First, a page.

Spacing behaviour and its implications for the mating system of a precocial small mammal: an almost asocial cavy Cavia magna?

Kraus C, Kunkele J, Trillmich F (2003)
ANIMAL BEHAVIOUR 66(2): 225-238.

Journal Article | Published | English

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Abstract
Socioecological models for small mammals attempt to explain the causal relations between the spatiotemporal distributions of food resources, females and males. We tested their predictions for a wild population of Cavia magna, a grazing, precocial rodent, by analysing spacing behaviour in relation to various demographic features. Between May 1999 and January 2001 we collected capture-recapture data on 309 individuals and monitored 55 females and 49 males by radiotelemetry in periodically inundated wetland in Uruguay. Cavies showed a nonstationary use of space: monthly home ranges drifted over the whole study site. Female home ranges overlapped with those of several others. Females were randomly distributed and we found no evidence for socially mediated reproductive synchrony. Males ranged over larger areas than females, showing even less site fidelity, and also overlapped with several rivals. This basic spacing system remained stable over a wide range of densities and sex ratios. Independent of sex, animals used overlap zones randomly with respect to each other. Significant dynamic (spatiotemporal) interaction was most frequent between males and females. However, interaction analyses revealed no evidence for stable social bonds between animals, regardless of sex. We suggest that unpredictable female locations prevent males monopolizing females spatially. Because females are solitary, males could monopolize only one female by maintaining close proximity, rendering a roaming mating tactic more successful. Our findings point to a solitary 'social' system and overlap promiscuity as the likely mating system for the C. magna population studied. (C) 2003 Published by Elsevier Ltd on behalf of The Association for the Study of Animal Behaviour.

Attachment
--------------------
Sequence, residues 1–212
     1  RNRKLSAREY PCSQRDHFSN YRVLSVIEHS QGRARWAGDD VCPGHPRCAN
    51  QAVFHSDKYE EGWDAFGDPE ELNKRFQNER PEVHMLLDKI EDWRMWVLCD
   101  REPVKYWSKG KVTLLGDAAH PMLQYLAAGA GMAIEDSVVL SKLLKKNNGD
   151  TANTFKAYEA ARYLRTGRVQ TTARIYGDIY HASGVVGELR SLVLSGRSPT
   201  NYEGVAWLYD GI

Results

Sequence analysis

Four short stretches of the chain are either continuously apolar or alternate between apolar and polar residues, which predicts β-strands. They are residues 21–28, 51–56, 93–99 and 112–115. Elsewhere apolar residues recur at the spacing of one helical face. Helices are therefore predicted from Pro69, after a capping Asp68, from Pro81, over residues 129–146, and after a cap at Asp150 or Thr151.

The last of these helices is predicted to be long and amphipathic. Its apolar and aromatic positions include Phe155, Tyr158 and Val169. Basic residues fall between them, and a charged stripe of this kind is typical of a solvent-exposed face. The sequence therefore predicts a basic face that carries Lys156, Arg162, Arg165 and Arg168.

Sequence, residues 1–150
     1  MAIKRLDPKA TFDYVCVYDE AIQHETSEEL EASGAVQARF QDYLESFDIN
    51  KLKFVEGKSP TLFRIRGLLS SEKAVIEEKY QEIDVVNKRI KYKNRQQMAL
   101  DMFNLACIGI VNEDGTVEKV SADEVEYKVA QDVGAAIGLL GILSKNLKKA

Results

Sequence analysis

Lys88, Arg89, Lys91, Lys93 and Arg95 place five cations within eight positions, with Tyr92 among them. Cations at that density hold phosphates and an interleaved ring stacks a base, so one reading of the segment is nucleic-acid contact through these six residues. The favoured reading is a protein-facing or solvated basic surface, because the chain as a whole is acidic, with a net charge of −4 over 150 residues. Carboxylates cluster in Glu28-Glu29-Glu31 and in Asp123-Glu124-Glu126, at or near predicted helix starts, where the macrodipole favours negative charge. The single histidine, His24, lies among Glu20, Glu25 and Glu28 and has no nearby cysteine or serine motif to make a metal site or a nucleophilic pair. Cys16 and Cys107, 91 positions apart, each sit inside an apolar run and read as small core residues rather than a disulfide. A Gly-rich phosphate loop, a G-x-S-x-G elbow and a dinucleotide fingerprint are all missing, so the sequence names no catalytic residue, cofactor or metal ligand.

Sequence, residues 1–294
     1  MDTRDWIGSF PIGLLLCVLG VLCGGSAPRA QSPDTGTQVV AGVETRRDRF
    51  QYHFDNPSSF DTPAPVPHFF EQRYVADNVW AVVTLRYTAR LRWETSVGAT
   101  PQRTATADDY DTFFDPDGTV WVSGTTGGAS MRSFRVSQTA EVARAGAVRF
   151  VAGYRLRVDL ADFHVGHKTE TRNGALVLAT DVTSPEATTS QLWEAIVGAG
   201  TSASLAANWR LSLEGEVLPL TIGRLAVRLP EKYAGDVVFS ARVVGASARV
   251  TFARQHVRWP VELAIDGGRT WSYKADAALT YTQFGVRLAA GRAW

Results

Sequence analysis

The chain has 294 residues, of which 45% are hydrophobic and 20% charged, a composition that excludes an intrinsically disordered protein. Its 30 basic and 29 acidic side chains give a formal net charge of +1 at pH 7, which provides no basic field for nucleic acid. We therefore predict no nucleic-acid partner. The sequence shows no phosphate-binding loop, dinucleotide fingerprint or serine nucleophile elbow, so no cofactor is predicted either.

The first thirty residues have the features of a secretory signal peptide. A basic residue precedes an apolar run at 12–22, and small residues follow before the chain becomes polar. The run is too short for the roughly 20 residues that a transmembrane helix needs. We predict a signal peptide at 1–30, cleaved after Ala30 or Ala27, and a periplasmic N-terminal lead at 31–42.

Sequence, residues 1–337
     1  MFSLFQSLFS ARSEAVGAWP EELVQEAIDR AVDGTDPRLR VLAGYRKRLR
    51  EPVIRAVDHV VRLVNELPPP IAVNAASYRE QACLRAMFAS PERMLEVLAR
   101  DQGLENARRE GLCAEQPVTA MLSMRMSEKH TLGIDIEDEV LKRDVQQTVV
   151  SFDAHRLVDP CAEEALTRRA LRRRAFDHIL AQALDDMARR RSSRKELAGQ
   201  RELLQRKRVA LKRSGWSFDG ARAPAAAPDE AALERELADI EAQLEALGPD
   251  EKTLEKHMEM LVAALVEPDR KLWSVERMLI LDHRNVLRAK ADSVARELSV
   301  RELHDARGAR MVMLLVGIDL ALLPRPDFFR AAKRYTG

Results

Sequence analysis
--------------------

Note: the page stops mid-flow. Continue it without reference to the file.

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Kraus C, Kunkele J, Trillmich F. Spacing behaviour and its implications for the mating system of a precocial small mammal: an almost asocial cavy Cavia magna? ANIMAL BEHAVIOUR. 2003;66(2):225-238.
Kraus, C., Kunkele, J., & Trillmich, F. (2003). Spacing behaviour and its implications for the mating system of a precocial small mammal: an almost asocial cavy Cavia magna? ANIMAL BEHAVIOUR, 66(2), 225-238.
Kraus, C., Kunkele, J., and Trillmich, F. (2003). Spacing behaviour and its implications for the mating system of a precocial small mammal: an almost asocial cavy Cavia magna? ANIMAL BEHAVIOUR 66, 225-238.
Kraus, C., Kunkele, J., & Trillmich, F., 2003. Spacing behaviour and its implications for the mating system of a precocial small mammal: an almost asocial cavy Cavia magna? ANIMAL BEHAVIOUR, 66(2), p 225-238.
C. Kraus, J. Kunkele, and F. Trillmich, “Spacing behaviour and its implications for the mating system of a precocial small mammal: an almost asocial cavy Cavia magna?”, ANIMAL BEHAVIOUR, vol. 66, 2003, pp. 225-238.
Kraus, C., Kunkele, J., Trillmich, F.: Spacing behaviour and its implications for the mating system of a precocial small mammal: an almost asocial cavy Cavia magna? ANIMAL BEHAVIOUR. 66, 225-238 (2003).
Kraus, C, Kunkele, J, and Trillmich, Fritz. “Spacing behaviour and its implications for the mating system of a precocial small mammal: an almost asocial cavy Cavia magna?”. ANIMAL BEHAVIOUR 66.2 (2003): 225-238.
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